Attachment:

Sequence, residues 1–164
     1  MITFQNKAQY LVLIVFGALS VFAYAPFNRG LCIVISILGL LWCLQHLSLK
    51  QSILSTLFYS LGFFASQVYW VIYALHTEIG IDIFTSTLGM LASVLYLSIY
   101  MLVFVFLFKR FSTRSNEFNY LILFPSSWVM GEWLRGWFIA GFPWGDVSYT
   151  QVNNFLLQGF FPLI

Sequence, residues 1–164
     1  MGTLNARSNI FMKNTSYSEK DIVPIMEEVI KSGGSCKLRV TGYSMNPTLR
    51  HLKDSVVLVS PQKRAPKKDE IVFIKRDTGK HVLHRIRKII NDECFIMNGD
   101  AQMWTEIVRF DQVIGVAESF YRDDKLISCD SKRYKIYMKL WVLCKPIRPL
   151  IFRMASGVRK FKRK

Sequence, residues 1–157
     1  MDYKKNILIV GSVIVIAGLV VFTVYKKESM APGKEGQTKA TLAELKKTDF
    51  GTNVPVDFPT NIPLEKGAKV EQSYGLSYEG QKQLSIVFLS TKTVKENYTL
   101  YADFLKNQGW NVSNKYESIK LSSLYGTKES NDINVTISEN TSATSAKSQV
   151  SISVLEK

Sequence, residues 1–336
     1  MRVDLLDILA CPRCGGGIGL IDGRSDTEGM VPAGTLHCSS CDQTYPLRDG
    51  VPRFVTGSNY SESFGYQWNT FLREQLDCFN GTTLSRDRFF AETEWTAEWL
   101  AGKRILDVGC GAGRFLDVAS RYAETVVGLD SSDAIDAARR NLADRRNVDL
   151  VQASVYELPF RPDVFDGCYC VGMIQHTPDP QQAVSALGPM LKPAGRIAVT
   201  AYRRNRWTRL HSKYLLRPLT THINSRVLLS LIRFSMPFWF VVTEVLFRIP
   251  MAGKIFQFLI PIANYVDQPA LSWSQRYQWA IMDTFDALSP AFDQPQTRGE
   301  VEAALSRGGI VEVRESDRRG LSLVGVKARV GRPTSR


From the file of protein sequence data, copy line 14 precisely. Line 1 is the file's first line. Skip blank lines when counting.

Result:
   101  YADFLKNQGW NVSNKYESIK LSSLYGTKES NDINVTISEN TSATSAKSQV